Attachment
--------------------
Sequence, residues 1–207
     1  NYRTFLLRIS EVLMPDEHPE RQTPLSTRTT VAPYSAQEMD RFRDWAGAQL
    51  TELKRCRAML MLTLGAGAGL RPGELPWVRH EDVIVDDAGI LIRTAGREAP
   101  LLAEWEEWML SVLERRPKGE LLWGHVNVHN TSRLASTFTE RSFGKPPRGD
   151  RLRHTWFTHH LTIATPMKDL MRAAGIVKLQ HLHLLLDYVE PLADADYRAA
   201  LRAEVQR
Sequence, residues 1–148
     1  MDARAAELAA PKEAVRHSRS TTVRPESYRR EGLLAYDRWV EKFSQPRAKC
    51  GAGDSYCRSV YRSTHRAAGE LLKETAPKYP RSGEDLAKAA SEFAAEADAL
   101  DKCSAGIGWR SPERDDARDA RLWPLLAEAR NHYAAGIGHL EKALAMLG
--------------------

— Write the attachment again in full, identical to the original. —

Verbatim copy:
Sequence, residues 1–207
     1  NYRTFLLRIS EVLMPDEHPE RQTPLSTRTT VAPYSAQEMD RFRDWAGAQL
    51  TELKRCRAML MLTLGAGAGL RPGELPWVRH EDVIVDDAGI LIRTAGREAP
   101  LLAEWEEWML SVLERRPKGE LLWGHVNVHN TSRLASTFTE RSFGKPPRGD
   151  RLRHTWFTHH LTIATPMKDL MRAAGIVKLQ HLHLLLDYVE PLADADYRAA
   201  LRAEVQR
Sequence, residues 1–148
     1  MDARAAELAA PKEAVRHSRS TTVRPESYRR EGLLAYDRWV EKFSQPRAKC
    51  GAGDSYCRSV YRSTHRAAGE LLKETAPKYP RSGEDLAKAA SEFAAEADAL
   101  DKCSAGIGWR SPERDDARDA RLWPLLAEAR NHYAAGIGHL EKALAMLG